need help picking appliances!
November 14, 2008 7:47 PM   Subscribe

I'm redoing my kitchen. Looking to buy an oven and dishwasher and not sure what to look for & what is good...ideas?

Im looking at doing my kitchen over. I'm going to buy one appliance at a time. I have read that you need to pick a brand(ie. Frigidaire etc) and buy all three appliances in the same brand or the stainless won't match. Can anyone give me pointers on good ovens? Im not sure what to look for and my research hasn't uncovered much thus far. Oh Hive Mind I need appliance help!
posted by femmme to Home & Garden (10 answers total) 3 users marked this as a favorite
Without knowing what features are important to you, it's hard to recommend a particular oven, but I would recommend going to consumer reports for research purposes. By looking at different features, you can decide which is important to you. I have a KitchenAid Superba, which is a great oven, have had zero problems with it, but it is a lot of oven for my purposes. Also, it may be hard to commit to a particular brand for all appliances -- the company that makes the best dishwasher for you may not make the best fridge. If they're not close to each other, the slight variations in the stainless may not matter.
posted by *s at 8:30 PM on November 14, 2008

The four major stainless appliances in my kitchen (range, refrigerator, dishwasher, and microwave -- maybe the last one's not major, but it is stainless) are all made by different manufacturers and they match just fine. It's a pretty big kitchen, so there are cabinets or space between the appliances, but I'm not sure you'd see a difference even if they were all lined up in a row. Door handles might be more of an issue -- my fridge and dishwasher just happen to have the same style, but it might be a little jarring if you had three very different door-handle styles.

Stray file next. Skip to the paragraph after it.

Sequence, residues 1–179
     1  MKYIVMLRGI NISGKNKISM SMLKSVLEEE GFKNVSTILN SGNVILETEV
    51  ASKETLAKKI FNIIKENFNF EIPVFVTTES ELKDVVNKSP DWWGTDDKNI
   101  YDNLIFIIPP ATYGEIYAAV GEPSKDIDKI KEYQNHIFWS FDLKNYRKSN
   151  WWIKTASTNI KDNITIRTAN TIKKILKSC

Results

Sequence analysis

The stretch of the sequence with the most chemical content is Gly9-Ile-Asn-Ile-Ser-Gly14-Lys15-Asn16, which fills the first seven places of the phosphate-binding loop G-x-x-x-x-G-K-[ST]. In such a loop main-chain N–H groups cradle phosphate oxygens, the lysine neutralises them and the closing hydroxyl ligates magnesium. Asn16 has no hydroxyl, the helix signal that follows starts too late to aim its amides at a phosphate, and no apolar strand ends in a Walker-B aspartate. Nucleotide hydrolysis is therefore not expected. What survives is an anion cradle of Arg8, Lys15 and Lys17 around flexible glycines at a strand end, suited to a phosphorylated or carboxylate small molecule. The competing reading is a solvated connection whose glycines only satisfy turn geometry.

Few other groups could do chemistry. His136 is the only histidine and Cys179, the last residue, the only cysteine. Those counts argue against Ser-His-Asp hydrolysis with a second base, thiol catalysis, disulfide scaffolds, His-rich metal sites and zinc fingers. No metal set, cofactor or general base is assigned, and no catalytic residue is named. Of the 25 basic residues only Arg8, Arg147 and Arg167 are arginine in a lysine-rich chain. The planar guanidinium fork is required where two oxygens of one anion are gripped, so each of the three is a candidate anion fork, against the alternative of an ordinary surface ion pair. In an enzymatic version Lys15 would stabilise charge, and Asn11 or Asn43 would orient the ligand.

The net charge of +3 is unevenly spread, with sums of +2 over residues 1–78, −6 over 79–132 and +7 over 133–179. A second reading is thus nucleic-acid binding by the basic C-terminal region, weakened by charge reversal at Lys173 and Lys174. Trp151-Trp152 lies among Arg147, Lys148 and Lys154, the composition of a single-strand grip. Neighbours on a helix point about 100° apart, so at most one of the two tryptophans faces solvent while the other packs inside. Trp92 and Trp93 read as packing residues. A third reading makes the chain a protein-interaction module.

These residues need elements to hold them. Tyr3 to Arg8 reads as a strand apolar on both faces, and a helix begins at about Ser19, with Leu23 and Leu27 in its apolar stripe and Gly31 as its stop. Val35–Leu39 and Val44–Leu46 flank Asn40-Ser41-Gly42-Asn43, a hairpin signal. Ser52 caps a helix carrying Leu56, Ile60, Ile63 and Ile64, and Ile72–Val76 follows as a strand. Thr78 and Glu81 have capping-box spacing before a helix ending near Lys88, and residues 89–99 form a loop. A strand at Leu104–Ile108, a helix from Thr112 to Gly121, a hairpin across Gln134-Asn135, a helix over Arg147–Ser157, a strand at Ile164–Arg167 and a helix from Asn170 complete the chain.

As for what to look for and what's good, the answer depends on a lot of variables that you haven't provided. Budget is obviously big. Space is another one (a 48" range probably wouldn't fit in a small galley kitchen). Then there's the gas vs. electric thing. As someone who likes to cook on the stovetop, I think nothing beats gas, but some houses don't have a gas hookup, and I've also heard that some people who bake prefer electric (I've never understood baking, but apparently gas ovens create some moisture, which is good for some things but not others).